Sir: Kate Andrews is right to highlight the looming risk of inflation (‘Rishi’s nightmare’, 6 March), but to say that the UK has known barely any inflation for almost a generation misses a very painful point. It may be true for consumer prices. Low interest rates and quantitative easing, along with other ill-advised stimuli, have caused huge inflation over the past two decades in the single greatest expense throughout most working people’s lives: the cost of housing. Along with rash promises such as the triple lock, it has been responsible for a vast transfer of wealth from young to old, from the less well-off to the more affluent, and unlike the 1970s and early 1980s, it has not been accompanied by rampant wider inflation eroding the real-terms debt of mortgage-holders. This makes the threat of interest rate rises all the more dangerous; it is not just the public purse which is alarmingly indebted. As with all chancellors from Gordon Brown onwards, Rishi Sunak seems intent on making matters worse, with his recent attempts to keep the plates spinning with extended cuts to stamp duty, and taxpayer-backed 95 per cent mortgages.David Brewis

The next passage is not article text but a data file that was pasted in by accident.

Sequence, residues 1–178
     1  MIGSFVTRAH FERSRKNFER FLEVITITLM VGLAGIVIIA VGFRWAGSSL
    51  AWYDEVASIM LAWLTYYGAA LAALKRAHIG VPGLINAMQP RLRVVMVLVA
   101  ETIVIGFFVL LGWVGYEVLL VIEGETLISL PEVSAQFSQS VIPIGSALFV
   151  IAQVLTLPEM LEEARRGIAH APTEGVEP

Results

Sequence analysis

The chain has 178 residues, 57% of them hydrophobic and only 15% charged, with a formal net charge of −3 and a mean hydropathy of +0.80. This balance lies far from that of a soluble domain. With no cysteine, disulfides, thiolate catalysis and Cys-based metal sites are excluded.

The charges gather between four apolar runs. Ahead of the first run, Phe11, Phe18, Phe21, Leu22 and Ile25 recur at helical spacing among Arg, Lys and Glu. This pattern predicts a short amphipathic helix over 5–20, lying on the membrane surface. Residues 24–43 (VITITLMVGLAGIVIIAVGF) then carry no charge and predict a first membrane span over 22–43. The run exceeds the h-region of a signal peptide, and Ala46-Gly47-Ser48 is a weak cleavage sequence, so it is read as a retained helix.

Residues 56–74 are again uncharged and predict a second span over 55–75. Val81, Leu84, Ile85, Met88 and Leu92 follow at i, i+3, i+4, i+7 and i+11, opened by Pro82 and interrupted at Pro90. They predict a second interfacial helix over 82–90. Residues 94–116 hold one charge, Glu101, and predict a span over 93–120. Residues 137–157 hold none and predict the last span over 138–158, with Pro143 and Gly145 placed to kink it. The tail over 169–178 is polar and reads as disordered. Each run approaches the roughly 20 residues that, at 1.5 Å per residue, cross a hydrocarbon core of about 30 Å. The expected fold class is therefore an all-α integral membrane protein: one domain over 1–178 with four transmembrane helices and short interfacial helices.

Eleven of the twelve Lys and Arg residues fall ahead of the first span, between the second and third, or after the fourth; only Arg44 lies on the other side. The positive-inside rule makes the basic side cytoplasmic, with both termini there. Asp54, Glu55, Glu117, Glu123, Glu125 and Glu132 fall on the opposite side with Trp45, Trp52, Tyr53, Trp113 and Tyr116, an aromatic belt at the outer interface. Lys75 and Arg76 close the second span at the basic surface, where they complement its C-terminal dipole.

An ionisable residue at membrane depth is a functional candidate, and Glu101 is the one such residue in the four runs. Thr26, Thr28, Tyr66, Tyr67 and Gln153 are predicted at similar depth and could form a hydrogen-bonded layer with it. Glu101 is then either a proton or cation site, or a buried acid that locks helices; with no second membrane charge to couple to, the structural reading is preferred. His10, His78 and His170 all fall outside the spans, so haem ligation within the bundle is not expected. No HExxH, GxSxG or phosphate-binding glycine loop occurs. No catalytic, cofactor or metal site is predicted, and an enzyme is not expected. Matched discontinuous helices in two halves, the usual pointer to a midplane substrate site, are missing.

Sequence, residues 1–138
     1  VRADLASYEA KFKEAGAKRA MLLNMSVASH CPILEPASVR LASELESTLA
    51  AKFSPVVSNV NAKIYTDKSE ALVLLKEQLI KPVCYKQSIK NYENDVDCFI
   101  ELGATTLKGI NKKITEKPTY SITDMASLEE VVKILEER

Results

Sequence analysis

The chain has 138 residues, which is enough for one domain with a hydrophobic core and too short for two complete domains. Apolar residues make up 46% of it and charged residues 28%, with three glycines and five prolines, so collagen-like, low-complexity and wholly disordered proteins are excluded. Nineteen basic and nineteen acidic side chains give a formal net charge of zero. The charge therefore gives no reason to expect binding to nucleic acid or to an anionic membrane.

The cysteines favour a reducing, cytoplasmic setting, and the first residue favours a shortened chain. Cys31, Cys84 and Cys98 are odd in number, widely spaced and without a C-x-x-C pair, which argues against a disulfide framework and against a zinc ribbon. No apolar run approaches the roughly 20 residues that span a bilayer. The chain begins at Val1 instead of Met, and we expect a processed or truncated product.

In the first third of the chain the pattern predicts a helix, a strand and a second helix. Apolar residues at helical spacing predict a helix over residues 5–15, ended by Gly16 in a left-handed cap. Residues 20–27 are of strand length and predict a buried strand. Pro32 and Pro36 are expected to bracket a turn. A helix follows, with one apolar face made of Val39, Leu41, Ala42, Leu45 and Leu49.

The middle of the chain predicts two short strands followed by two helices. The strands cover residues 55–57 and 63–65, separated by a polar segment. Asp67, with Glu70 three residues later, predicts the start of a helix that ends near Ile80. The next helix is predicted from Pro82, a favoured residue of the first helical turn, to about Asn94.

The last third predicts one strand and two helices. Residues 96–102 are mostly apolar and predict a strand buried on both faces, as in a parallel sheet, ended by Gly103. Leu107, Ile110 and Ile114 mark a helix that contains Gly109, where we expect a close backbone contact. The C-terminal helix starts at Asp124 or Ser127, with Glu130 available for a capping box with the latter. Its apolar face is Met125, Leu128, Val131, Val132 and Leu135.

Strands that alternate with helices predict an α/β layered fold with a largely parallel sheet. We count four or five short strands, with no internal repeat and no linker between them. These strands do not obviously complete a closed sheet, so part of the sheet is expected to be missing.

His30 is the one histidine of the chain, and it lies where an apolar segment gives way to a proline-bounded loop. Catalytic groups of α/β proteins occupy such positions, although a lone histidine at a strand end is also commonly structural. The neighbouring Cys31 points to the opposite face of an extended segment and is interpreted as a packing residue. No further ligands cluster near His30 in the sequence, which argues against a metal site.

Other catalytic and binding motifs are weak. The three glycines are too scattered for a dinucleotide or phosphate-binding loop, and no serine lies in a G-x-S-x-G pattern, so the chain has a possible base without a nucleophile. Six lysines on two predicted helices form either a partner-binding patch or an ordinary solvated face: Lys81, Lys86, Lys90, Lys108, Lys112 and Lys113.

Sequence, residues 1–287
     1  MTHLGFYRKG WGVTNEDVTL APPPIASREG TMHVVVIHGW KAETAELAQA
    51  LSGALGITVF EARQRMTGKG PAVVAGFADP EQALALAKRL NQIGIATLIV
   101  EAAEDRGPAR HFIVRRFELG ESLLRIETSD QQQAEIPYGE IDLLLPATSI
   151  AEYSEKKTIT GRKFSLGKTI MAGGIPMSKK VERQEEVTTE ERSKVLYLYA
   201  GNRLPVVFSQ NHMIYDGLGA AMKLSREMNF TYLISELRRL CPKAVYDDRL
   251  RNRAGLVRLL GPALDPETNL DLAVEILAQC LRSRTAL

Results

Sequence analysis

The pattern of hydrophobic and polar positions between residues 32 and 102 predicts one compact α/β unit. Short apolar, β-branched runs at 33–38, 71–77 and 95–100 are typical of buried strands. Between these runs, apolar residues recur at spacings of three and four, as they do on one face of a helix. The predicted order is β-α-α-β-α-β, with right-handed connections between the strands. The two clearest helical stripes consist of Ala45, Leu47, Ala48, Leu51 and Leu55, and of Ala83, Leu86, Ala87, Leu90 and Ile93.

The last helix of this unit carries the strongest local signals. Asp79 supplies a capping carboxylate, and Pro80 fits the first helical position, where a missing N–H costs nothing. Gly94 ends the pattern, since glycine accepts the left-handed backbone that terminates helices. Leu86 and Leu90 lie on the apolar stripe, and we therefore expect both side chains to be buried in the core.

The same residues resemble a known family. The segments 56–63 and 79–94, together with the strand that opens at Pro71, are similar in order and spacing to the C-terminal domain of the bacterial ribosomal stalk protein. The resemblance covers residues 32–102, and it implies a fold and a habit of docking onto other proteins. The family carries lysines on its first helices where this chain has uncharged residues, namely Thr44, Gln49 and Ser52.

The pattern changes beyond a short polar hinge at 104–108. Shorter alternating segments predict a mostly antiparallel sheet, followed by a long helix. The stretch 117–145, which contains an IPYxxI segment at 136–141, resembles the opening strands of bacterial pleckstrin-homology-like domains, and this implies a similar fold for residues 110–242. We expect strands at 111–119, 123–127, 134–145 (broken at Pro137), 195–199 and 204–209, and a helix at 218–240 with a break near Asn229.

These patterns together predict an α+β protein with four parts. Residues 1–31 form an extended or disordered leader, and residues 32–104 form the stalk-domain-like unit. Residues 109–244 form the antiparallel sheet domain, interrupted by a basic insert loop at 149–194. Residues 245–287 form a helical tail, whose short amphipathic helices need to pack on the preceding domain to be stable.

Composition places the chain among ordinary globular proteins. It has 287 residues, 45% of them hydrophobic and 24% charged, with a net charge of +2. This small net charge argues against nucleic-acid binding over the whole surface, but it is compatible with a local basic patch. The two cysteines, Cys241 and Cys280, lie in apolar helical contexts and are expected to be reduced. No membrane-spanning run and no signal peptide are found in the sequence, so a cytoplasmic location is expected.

Sir: There is now much talk about how the economy will bounce back and recover (‘The Covid recovery Budget’, 6 March). My greatest fear is a further impetus to housebuilding. The unprecedented building onslaught of the past ten years precipitated by David Cameron’s much maligned (quite rightly) National Planning Policy Framework hugely emasculated the planning defences, and is disfiguring our towns, villages and countryside. To save further fields, councils allow high density developments. A greenfield is replaced with an urban sprawl. No back gardens, no trees. Residents are powerless, as indeed are councils, to halt this. The character of England is being lost. Most bad policy can be reversed, but you can’t unbuild houses.